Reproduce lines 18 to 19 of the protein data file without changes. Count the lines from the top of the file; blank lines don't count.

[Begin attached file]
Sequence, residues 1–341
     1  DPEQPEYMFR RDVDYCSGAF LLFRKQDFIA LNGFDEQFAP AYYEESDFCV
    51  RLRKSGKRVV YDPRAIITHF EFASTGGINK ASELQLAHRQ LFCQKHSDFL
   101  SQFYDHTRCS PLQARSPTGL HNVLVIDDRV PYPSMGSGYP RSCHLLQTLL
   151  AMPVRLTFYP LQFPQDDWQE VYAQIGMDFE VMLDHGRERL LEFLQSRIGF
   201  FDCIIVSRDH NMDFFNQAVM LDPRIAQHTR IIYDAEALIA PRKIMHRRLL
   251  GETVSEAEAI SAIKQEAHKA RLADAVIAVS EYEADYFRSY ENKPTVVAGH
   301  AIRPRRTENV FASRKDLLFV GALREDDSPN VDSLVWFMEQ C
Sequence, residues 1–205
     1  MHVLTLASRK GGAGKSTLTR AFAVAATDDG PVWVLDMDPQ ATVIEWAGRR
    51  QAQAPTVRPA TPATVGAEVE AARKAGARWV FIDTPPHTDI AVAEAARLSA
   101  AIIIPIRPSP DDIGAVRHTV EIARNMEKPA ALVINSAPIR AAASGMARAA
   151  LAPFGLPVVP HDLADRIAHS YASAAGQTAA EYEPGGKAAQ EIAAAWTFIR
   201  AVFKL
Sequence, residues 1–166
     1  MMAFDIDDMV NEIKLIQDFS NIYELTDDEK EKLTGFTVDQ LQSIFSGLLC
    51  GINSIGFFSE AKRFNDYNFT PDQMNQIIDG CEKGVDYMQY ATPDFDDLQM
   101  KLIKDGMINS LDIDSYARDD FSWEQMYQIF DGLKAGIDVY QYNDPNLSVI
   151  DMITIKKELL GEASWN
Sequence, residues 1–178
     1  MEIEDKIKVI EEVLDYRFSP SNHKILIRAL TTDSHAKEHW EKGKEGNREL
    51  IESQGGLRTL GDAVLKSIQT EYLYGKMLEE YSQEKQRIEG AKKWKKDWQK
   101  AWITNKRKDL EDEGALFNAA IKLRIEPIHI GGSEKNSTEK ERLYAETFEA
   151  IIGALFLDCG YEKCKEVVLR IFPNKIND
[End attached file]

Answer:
   101  KLIKDGMINS LDIDSYARDD FSWEQMYQIF DGLKAGIDVY QYNDPNLSVI
   151  DMITIKKELL GEASWN